Airline stocks are climbing higher on a holiday travel tailwind. According to the Dow Jones U.S. Airlines Index over the past month--they’re up 9% and more than 17% year to date.
How much higher can they go? On "Squawk on the Street"--CNBC’s Mark Haines asked David Strine--Airline Analyst with Bear Sterns.
Strine said the cycle is sturdy and his firm is still positive about the group for 3 reasons:
- supply looks like it will be constrained
- the fuel hedges for the low cost carriers are declining so they will need to raise fares
- there's an increasing probability of M&A activity in the industry.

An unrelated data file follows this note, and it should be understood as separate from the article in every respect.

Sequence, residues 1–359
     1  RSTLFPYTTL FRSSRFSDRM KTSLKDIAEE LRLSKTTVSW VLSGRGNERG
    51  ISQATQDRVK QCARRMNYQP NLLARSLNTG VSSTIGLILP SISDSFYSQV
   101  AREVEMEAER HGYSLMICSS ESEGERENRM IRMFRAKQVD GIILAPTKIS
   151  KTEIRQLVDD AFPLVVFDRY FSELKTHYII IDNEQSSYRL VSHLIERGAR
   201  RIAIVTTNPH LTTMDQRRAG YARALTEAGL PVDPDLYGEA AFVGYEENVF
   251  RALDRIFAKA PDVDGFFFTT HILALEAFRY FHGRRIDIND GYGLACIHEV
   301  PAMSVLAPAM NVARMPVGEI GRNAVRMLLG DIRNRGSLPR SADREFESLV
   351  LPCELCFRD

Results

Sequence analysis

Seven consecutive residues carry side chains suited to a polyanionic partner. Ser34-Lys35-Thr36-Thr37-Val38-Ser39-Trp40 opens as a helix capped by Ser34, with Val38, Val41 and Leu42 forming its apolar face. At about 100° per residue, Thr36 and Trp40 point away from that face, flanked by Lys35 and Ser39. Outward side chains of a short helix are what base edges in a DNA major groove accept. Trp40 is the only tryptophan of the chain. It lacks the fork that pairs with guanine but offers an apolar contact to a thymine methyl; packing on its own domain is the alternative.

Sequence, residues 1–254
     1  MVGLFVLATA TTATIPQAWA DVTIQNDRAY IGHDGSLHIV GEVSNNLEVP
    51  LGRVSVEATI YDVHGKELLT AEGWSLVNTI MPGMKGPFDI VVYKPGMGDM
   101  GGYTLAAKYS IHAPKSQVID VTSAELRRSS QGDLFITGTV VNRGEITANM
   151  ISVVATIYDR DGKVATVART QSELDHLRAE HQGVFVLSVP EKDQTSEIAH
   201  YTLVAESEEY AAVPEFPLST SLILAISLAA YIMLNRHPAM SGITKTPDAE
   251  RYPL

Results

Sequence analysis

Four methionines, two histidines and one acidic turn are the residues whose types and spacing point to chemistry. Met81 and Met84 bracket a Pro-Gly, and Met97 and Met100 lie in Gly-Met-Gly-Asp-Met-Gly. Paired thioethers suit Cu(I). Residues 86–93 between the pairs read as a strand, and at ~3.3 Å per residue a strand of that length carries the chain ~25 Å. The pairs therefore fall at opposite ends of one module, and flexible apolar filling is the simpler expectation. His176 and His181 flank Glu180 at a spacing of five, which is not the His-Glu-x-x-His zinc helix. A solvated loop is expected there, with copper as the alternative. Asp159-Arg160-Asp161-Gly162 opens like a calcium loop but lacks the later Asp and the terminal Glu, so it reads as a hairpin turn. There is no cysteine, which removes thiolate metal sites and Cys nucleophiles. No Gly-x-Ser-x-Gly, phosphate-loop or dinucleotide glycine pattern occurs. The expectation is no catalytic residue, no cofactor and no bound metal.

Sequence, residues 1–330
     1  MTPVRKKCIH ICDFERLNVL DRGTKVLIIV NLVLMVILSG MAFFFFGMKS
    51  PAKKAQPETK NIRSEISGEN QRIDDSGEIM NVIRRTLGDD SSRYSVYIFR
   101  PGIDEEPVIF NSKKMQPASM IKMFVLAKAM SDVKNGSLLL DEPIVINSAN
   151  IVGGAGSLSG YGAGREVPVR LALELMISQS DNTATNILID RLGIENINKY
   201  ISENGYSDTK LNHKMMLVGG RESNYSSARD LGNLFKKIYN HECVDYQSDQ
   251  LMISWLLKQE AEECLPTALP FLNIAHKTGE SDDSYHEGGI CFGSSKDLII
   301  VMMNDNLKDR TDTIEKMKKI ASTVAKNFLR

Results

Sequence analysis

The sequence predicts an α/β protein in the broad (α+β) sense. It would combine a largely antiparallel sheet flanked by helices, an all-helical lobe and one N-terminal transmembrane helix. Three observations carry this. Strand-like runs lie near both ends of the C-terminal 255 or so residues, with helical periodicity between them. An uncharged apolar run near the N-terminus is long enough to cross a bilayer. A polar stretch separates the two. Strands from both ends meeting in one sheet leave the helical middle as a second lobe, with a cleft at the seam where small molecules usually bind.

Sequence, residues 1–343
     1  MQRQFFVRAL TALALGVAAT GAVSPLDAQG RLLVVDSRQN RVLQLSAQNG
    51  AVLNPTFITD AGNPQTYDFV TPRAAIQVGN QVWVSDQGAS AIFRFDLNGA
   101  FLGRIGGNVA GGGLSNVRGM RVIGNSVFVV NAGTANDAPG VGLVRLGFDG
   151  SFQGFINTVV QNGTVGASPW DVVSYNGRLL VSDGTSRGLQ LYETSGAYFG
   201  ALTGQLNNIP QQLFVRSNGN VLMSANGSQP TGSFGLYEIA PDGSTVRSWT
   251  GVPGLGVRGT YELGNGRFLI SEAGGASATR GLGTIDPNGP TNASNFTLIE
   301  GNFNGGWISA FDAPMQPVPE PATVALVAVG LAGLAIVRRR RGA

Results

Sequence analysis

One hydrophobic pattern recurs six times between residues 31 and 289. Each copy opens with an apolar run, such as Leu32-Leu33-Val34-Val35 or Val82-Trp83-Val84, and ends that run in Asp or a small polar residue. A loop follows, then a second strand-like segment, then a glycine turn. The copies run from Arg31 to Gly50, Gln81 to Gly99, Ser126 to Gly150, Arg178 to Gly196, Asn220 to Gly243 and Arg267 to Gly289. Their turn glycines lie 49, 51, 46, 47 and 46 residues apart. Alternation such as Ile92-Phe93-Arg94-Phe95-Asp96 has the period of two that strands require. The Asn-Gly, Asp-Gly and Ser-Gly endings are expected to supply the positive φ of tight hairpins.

He also said capacity is always an issue in this industry, and there's a window for a year or two where it will be hard to get aircraft. Mechanisms are in place that will keep a cap on the growth of supply - and if that happens while the economy grows, we have a sweet spot.
Strine says on a valuation basis the carriers that look least expensive to his firm are United and Alaska airlines. Bear Sterns has a sell on Frontier .
Analyst Disclosure: AAI, ALK, CAL FRNT are or during the past 12 months have been a non-investment banking client (securities related services) or Bear Stearns & Co. AMR is or during the past 12 months has been a non-investment banking client (securities related services) of Bear Stearns & Co.